I have observed with some disbelief at the numerous articles that have heralded the “end of the office” and other click-bait driven headlines. It makes for a fun read but fails to really understand exactly what the office is for and how modern workspace is actually used.
The best way to take a view of this is to understand why we will be desperate to return to the office and why organisations should be doing everything they can to ensure it does. From a pure economic perspective, in our services-driven economy, we should be most worried about the loss of “intangible capital” during lockdown. This refers to the knowledge and skills that have not been transferred to colleagues, the exchange of ideas that is commonplace in most offices and which is extremely hard to replicate on Facetime/Zoom/Teams.
In his recent article in the Times, Philip Aldrick, assesses the “degradation of knowledge” that has occurred during lockdown. In a services economy, this could be fatal to the long-term health of ideation, and delivery of consultancy, creative services and the media. He also flags that in research last year by US National Bureau of Economic Research found that the number of patents filed in 1920s prohibition America fell where the bars closed. “Prohibition had a temporary effect on the rate of invention,” Michael Andrews writes, because people weren’t mixing in the city bars.”
And what of our city centres? We have already seen that interest in regional office space is up across numerous national markets. The UK-market being a prime example, with demand for flex workspace already up in the regions of the country and in locations on the outskirts of London – demand in the Capital has been slower to return. It looks very much like that there will be a retreat to the regions as commuters look to avoid the dreaded prospect of mass transport. But, again, there is nuance to this discussion that is being neglected by the focus on the “death of the office”…
Research from Berkeley shows the “Effect of High-Tech Clusters on the Productivity of Top Inventors”. There is a reason why innovators crowd to the Bay Area of the US and “Silicon Roundabout” and it is not ease of access to organic oat flat whites. Inventors locate themselves to others in the field, despite higher costs and higher labour costs, because close association drives competition, collaboration and ultimate significantly increases the number of patents in the area. This paper from Enrico Moretti states: “I find an economically important effect of cluster size on an inventor’s productivity. An inventor moving…. a small cluster to a large cluster enjoys an increase in annual productivity, as measured by the number of patents produced in a year or number of citations.”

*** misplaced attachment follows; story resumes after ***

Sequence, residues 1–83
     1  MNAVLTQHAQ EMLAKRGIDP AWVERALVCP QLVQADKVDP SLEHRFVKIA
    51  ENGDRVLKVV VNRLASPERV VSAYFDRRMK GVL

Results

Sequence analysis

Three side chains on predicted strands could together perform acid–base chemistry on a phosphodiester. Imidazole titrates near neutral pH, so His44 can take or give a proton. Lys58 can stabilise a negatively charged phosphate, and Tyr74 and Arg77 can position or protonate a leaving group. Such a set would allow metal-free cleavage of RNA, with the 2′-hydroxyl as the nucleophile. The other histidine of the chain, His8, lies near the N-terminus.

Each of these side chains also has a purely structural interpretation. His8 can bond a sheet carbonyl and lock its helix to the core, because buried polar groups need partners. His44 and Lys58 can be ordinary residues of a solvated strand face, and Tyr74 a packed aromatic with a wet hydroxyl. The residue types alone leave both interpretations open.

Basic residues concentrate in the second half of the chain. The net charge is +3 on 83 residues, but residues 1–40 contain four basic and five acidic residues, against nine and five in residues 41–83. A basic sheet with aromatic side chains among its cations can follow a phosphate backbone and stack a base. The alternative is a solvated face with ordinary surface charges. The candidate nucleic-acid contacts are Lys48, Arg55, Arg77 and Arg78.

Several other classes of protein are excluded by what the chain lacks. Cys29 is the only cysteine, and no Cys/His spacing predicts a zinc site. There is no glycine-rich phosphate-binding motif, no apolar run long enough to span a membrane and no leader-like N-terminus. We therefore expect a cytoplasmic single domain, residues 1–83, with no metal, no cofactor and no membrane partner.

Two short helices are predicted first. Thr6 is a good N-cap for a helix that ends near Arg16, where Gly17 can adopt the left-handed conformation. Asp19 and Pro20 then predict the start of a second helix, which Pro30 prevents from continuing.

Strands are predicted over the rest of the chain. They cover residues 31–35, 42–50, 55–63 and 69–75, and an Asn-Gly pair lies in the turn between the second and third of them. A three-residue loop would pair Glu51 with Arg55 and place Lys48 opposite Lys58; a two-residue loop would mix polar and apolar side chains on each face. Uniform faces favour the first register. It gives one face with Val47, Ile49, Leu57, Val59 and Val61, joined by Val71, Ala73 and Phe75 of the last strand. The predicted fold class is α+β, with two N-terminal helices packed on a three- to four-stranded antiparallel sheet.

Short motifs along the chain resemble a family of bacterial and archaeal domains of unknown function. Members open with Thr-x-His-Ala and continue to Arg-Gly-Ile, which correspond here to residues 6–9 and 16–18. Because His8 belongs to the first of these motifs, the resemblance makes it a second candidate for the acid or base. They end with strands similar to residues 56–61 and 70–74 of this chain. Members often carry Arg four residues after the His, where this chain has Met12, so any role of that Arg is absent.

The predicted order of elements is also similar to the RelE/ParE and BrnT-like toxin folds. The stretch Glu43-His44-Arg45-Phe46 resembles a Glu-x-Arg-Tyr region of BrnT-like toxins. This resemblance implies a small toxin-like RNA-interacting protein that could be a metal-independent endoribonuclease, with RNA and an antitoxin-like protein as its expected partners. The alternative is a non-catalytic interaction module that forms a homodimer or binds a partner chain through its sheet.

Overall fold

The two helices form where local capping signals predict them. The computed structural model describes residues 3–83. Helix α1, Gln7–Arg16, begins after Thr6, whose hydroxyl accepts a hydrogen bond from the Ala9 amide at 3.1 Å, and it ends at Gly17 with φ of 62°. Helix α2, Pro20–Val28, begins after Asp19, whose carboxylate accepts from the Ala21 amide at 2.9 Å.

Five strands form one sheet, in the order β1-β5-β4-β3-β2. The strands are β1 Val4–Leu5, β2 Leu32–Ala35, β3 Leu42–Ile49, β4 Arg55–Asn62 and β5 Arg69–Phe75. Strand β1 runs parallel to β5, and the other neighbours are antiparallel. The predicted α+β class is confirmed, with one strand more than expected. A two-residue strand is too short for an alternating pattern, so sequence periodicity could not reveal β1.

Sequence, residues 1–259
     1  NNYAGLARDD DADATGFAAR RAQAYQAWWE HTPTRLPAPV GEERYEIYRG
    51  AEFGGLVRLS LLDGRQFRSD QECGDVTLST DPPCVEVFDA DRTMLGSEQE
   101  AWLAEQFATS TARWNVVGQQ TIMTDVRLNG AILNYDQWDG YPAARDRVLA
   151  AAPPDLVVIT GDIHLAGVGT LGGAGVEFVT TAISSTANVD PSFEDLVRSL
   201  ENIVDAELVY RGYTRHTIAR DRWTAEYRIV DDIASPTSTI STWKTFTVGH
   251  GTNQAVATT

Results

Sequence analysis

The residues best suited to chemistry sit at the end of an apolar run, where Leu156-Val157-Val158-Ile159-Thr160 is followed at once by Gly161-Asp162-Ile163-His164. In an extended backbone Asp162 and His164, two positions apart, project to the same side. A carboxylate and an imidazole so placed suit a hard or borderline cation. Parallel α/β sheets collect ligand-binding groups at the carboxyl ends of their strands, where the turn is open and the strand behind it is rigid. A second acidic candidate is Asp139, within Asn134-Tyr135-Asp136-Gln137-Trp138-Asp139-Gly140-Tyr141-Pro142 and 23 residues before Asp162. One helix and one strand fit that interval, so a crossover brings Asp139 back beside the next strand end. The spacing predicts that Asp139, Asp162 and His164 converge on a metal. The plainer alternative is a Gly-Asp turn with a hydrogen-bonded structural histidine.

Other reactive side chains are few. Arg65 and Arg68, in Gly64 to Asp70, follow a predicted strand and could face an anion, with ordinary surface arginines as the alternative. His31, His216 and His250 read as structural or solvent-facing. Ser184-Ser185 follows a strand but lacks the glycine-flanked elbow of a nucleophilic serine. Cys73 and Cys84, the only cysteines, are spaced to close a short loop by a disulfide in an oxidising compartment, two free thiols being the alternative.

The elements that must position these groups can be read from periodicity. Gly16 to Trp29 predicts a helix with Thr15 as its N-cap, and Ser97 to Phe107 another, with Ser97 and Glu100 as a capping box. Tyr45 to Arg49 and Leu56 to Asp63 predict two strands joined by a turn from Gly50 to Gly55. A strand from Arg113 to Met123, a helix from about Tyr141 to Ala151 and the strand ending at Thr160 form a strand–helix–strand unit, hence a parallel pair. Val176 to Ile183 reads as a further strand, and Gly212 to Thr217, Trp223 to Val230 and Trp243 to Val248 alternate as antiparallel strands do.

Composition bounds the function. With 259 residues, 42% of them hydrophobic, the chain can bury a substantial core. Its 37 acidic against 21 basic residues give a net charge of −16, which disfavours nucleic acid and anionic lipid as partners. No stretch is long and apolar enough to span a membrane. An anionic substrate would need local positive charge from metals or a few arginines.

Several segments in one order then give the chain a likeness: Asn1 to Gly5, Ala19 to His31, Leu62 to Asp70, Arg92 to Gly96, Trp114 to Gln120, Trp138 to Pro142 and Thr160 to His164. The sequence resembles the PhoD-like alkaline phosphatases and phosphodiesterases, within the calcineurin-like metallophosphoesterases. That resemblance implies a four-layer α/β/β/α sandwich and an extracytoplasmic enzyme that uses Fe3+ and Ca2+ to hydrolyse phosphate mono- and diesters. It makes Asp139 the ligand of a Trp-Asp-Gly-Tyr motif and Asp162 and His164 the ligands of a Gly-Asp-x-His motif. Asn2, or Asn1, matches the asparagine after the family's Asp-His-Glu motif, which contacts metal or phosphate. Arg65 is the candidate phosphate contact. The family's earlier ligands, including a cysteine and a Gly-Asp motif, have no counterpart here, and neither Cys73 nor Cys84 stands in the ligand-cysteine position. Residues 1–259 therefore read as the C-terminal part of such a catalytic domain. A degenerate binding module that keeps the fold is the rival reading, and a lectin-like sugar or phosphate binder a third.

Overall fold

So, is our knowledge “degrading” and our contacts’ books receding under lockdown? I find that unlikely as video calls have filled the void, and virtual networking has proliferated over the last, few, difficult weeks. But “something” is missing. Serendipitous interaction has now gone from our lives (you cannot bump into someone on Zoom!) and a chance encounter is soooooo 2019. The ability to “read the room” has gone, as have all the social signals and physical tics that make the best sales’ people do what they do so well. We are all adjusting to this and continue to “collaborate” but there is an intangible piece of social engagement that is missing.
Alfred Marshall, the Victorian economist, wrote about the “agglomeration effect” created when companies and workers cluster and ideas, technology and best practices are shared. It is this impact upon which cities were founded, and why a million journeys have started with brave souls seeking their fortunes on “streets paved with gold”.
So, are cities really going to lose their lustre after centuries of being hubs for innovation? Alfred Marshall also pioneered the thinking around supply and demand, whereby the price and output of goods are determined at their intersection. From our data, I believe we were seeing before lockdown that city demand for office space was slowly cooling as the requirement for urban centres levelled off. The great remote-working experiment had already begun pre-Lockdown, not because workers had abandoned the office but because there was a greater variety of spaces available to them. The city commute appealed for three days a week to meet up with colleagues and clients, but the other days’ work could just as easily be served by two days remote-working whether that is at home or in a more convenient office nearby. Supply of regional office space will need to increase to match this new demand, and, if our predictions are right, then that demand is going to mushroom but on a flexible basis.
We are not living in the new normal now – we are mostly still living under lockdown. When we return to the office – and I believe that most of us will – there will be another challenge to employers for companies of all sizes. They will have to work harder to provide an excellent, safe place that inspires their workforce and get them back to a desk as many days as required to be productive.
The “office” is no longer a neo-Taylorist space of precision, and professional efficiency (with a heavy dose of presenteeism). In fact, the city centre workspace and its arduous commute is probably quite the opposite of efficiency on a five day a week basis given the time / cost and environmental inefficiency. But to ensure that the intangible capital of innovation, creativity and knowledge proliferates then you better believe that companies of all sizes are going to work a lot harder at providing innovative, services-led workspaces that staff want to show up to; at least some of the week. This is the brave new world of the office – space as a service, a place for ideas and meeting up, in an environment that matches the need for the intangible capital generated by a chance encounter.
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